I’ve thought of these experiences lately, as I’ve followed news about Congress’s inability to find a compromise on a second national stimulus package. The lawmakers disagree on many details, but there’s no debate about one key point: By not finding a compromise, the federal government isn’t meeting the needs of America’s smallest businesses at a time they need help the most.

I see the fallout every day as chairman and CEO of Midwest Bank Centre, a 115-year-old community bank in St. Louis, where I am one of only a handful of Black bank CEOs in the country. Many local small businesses—the mom-and-pop grocer, the shoe store, even my barber—have struggled or gone under, leaving gaping holes in the fabric of our local downtown and business community. The Coronavirus Aid, Relief, and Economic Security (CARES) Act, with its steep paperwork requirements, closed many of them out from getting the loans needed.

Every time I see another “going out of business sign” in our community, I have to wonder: Why is this still going on? Why is it acceptable to let America’s smallest businesses die?

I think it is because most people don’t know how diverse and important this group of businesses is to our economy and local communities. Many people are surprised to find out that small businesses on Main Street represent 99.9% of all businesses, and employ 47% of all workers. More than half of those with employees are tiny “microbusinesses” with four employees or fewer.

And most are “nonemployer” firms—those with no W-2 employees. There were 26.5 million of them in 2018, the Census Bureau found. Young entrepreneurs and racial and ethnic minorities are overrepresented among nonemployer firms that have the potential to become employers, according to the Small Business Credit Survey, which is produced by the 12 Federal Reserve banks across the country.

Many of these businesses operate outside of the traditional banking system, the way my family did growing up. They haven’t started building business credit by forming a business entity and setting up a business bank account. They don’t have access to the low-cost loans that cushion many larger businesses when life happens. If they experience a cash crunch, they must turn to alternative lenders, who charge a lot more than a bank would. When a crisis like the coronavirus hits, it’s no wonder that many of them struggle and eventually shut their doors.

The impact of challenges like these is especially pronounced among Black-owned businesses. Between February and April of this year, 440,000 Black-owned businesses in the U.S. closed. They made up 41% of the total of 1.1 million, according to the National Bureau of Economic Research. In comparison, 17% of white-owned businesses closed in the same time frame.

Many had nowhere to turn for help. Black-owned businesses are less likely to be approved for bank loans, with 53.4% of those who apply turned down, compared to 24.7% of white-owned firms, the Federal Reserve found. Only 1% of venture-backed founders are Black, according to another study.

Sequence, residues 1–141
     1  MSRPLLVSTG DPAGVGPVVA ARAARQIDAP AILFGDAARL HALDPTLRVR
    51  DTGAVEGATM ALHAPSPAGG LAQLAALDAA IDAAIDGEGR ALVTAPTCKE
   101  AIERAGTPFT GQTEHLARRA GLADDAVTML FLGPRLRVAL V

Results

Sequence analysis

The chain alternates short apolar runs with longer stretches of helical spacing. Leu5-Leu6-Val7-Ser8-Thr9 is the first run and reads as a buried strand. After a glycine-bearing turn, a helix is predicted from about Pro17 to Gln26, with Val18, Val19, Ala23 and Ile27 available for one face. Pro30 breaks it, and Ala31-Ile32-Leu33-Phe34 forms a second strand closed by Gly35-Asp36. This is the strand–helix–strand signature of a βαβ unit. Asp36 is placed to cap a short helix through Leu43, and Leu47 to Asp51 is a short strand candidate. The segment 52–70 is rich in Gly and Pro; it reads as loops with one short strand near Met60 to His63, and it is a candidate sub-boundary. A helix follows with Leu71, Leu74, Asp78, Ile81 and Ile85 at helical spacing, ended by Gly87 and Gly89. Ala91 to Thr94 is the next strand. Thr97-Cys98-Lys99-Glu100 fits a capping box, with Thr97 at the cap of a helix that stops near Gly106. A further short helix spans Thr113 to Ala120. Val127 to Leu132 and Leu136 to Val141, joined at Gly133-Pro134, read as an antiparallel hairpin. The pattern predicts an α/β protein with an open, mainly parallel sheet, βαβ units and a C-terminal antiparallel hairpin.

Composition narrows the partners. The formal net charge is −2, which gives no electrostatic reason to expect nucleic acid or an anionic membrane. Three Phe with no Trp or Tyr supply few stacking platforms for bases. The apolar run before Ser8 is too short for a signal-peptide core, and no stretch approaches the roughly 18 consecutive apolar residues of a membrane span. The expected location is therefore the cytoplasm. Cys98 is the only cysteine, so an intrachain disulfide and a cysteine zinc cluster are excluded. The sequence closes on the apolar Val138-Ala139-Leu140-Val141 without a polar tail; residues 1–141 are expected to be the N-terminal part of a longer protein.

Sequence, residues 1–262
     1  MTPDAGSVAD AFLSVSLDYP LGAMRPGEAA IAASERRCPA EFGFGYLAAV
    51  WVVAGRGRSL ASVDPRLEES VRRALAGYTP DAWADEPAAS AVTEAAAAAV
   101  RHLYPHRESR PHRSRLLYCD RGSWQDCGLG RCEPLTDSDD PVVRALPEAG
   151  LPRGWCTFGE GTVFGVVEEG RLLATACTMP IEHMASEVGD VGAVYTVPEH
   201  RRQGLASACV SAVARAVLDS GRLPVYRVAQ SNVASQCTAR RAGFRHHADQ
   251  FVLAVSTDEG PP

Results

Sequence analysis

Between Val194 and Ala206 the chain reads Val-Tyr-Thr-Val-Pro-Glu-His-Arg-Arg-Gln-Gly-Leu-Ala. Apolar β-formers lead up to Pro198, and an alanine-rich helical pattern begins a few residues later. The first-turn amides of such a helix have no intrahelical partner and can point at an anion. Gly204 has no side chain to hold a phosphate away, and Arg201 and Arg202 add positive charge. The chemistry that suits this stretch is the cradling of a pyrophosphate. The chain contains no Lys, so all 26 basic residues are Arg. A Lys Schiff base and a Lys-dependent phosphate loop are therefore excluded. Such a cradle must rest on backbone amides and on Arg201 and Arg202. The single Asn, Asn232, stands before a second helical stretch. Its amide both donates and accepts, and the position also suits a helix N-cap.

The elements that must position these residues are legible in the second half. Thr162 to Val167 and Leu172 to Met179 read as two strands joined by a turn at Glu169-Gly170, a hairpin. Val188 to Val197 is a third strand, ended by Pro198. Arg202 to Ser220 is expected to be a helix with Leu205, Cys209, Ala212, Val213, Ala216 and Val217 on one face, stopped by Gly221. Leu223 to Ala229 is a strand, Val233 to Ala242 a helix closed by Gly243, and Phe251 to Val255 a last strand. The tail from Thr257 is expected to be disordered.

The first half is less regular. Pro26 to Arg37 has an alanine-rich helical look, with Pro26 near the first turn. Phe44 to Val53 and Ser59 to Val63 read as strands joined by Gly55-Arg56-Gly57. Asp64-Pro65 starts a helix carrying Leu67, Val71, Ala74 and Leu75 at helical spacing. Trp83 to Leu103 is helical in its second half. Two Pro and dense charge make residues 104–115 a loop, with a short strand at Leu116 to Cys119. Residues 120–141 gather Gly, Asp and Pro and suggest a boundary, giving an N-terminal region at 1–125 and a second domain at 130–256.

The loss of these businesses will have a profound effect on many communities. Owning a successful business—even a one-person operation—is a great way for many people to make a living, build generational wealth, and experience positive byproducts such as quality education, stable housing, reduced crime, and improved health. For people in minority groups that have not had access to equal pay in a traditional job, business ownership is an appealing alternative.

When businesses close, it doesn’t only hurt the owners. It also leads to a loss of jobs, which causes crime rates to rise. The civil unrest that broke out in St. Louis and other cities across America earlier this year reflected not only how Black Americans are treated by law enforcement but also the lack of economic equity they experience every day.

So where do we go from here? If we want to inject hope into these communities, we need to do more than reform police departments. We need to support America’s smallest businesses right now, at a time they need help the most. Passing an aid package that truly helps them is essential and will have a powerful ripple effect.

But we also have to address systemic disinvestment that holds back this diverse group of businesses. Many of America’s smallest businesses would benefit from a concerted strategy to grow more of them to $1 million in revenue and beyond. That starts with bringing more of them into the banking system and helping them build credit.

We also need to take a fresh look at the supplier diversity programs that many governments and larger companies run. Most aren’t designed to work with entrepreneurs who’ve been starved of capital, support, and mentorship and don’t know how to help these entrepreneurs build capacity and sustainability. Instead, the programs mainly aim to hit a target “spend.” We need to change their focus to providing meaningful help.

We have an incredible opportunity right now to support America’s smallest businesses and help them grow—and, in doing so, to empower many disenfranchised entrepreneurs. Only by embracing these businesses will we be able to build the kind of sustainable prosperity that every American deserves.

Orv Kimbrough is chairman and CEO of Midwest Bank Centre and a YPO member.